The Galaxy S was a runaway success for Samsung, infact they couldn’t make enough of them. It went off the shelves for a little while and only returned with a Super LCD display, Samsung clearly wanted to concentrate somewhere else and the only thing that would make a company divert its attention from its most successful smartphone ever, would be its successor.
That’s exactly what the Samsung Galaxy S2 is, Sammy’s new superphone that aims to rule them all, if the original Galaxy S sold 10 million units, they want to sell even more of these. So does the Galaxy S2 live up all the expectations? We find out in our review.
Lets start with a quick unboxing and overview to give you an idea of the box contents of the S2, it comes with a pretty nice leather case that doesn’t add to the bulk too much, check it out in the video below. The device also comes with a microUSB cable and stereo in-ear headphones which will suffice for casual playback.
The Galaxy S2 is Samsung’s premium smartphone, their most expensive and most powerful, so you would expect they would want to cram in everything under the sun. A 4.3” Super AMOLED Plus display, a dual core Exynos 1.2 Ghz processor, 1 GB RAM, 16 GB of inbuilt storage with a microSD card slot, an 8 Megapixel Camera with an LED flash along with the usual set of connectivity options like WIFI, GPS, Bluetooth and so on. When announced, the Galaxy S2 was supposed to have NFC chips as well, but that’s been left out from the current batch of Galaxy S2 i9100 models that have hit shelves the world over.
Building on such great hardware means that Samsung could add a bunch of features most other Android manufacturers haven’t incorporated. Things like 1080p HD video recording at 30 frames per second, WIFI Direct, support for USB on the go, Bluetooth peripherals like mice, and DLNA support that’s continued from the original model. To keep all the above humming along nicely, Samsung’s put in a 1650 mAh battery.
The Galaxy S line of phones from Samsung is focused on making fast, elegant and slim smartphones and the S2 has started from where the original left off. The device is slightly larger on account of the bigger 4.3” screen as compared to the 4” on the original, but is surprisingly even slimmer at just 8.5mm, compared to the 9.9mm on the S1, making it the thinnest and most powerful smartphone on the market today.
The design language is still very similar, a front occupied mostly by the screen with a physical home button at the bottom, flanked by the menu and back keys. No place for the search key means that the menu key doubles up to perform those functions as well, a long press on the menu touch sensitive key and it begins to work like the search button, working across all applications. Personally I like this setup as that makes for a cleaner design, and you won’t accidentally press any keys as the touch sensitive keys are separated by the physical home button.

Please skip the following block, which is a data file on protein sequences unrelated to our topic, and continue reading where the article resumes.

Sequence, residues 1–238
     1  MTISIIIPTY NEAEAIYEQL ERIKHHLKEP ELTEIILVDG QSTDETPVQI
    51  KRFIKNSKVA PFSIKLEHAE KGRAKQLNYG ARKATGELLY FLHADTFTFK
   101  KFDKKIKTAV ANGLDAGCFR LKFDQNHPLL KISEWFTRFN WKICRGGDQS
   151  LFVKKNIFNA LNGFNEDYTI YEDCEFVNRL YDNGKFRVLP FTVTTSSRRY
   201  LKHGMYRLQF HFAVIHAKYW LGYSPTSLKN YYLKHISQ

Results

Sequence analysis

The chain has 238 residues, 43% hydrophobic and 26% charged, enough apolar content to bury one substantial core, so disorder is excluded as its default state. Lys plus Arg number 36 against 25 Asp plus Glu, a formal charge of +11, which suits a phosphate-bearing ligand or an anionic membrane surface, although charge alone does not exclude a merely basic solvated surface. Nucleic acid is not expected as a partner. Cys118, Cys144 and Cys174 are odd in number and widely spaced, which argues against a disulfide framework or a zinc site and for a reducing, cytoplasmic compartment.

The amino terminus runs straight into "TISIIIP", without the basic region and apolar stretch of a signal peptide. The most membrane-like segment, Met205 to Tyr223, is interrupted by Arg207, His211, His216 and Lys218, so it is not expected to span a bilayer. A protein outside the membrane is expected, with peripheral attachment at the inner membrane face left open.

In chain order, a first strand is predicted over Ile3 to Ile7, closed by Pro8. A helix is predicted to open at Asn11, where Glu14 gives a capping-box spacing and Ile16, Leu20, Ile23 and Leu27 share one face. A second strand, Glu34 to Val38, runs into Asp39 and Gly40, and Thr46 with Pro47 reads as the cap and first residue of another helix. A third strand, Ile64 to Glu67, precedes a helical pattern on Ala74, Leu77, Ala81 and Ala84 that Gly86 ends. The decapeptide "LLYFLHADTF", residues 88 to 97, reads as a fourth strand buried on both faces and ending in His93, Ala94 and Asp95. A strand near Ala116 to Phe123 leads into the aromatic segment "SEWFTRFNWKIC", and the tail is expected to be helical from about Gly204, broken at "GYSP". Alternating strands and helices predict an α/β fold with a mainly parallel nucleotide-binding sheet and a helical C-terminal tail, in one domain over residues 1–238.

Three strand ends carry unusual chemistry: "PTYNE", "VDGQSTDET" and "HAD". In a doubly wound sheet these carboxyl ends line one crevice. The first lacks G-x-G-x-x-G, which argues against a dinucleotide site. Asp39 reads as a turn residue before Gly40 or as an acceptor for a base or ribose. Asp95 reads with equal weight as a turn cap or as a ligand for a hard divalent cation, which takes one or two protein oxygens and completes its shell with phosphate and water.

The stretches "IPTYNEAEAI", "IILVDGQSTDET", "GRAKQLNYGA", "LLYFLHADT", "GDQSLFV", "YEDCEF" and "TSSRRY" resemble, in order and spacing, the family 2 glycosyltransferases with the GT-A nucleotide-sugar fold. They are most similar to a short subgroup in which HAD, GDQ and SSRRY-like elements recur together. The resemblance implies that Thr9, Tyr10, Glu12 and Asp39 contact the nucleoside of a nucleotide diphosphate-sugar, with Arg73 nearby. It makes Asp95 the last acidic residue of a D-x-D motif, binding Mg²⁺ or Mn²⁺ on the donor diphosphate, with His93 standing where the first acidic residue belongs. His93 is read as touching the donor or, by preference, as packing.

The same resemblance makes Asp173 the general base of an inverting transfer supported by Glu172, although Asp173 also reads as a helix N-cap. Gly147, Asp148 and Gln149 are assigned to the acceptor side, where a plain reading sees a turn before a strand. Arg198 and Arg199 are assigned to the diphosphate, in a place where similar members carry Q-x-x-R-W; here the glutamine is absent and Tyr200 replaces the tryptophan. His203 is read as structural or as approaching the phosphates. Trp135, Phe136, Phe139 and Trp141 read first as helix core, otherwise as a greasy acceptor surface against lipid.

The sides have minimalist buttons with the left packing the volume rocker and the right holding power/lock key, there is no camera key. The positioning of the power button is perfect, it is much easier to hit, immaterial of whether you are left handed or right, compared to a position on the top of the device where you’d generally find the power button. Reaching across a 4.3” display won’t have been a joy if it had been placed on top. Speaking of the top, all that it carries is a 3.5mm jack for plugging in your favourite headphones, while the bottom of the device holds a solitary microUSB port, which can also be used with the HDMI connector to connect to an HDTV.
The back of the device holds an ever so slightly protruding 8 Megapixel camera with an LED flash. The bottom of the device bulges out towards the back and holds a mono loudspeaker. As you can imagine, keeping the device faceup blocks the loudspeaker and can cause you to miss calls, this problem is however mostly evident on soft surfaces.
The S2 runs the Gingerbread 2.3.3 release out of the box, with Samsung’s proprietary TouchWiz 4 overlay. The latest version of Gingerbread is 2.3.4, and the Galaxy S2 is expected to receive the update in the coming weeks, even otherwise 2.3.4 isn’t something you would miss dearly.
TouchWiz 4: What deserves special mention is the TouchWiz 4 interface that adds a lot of value to stock Android. A lot of people prefer a stock UI, but TouchWiz 4 really makes you reconsider that stand. It brings quick WIFI, GPS, Rotation and Bluetooth toggles to the pull down notification bar. Also present there are forward, back and pause buttons while the music is playing, you can even control music from the lockscreen without having to unlock the device.
Next, it gives you upto 7 homescreens and plenty of widgets to play around with including agenda widgets with month and today views along with a bunch of clocks etc. Some widgets are resizable, so you can decide how much of the screen should say the weather widget occupy, or if you want to make the today view larger. You can quickly jump between homescreens by pinching out or dragging your finger across the dots on the bottom to glide between homescreens.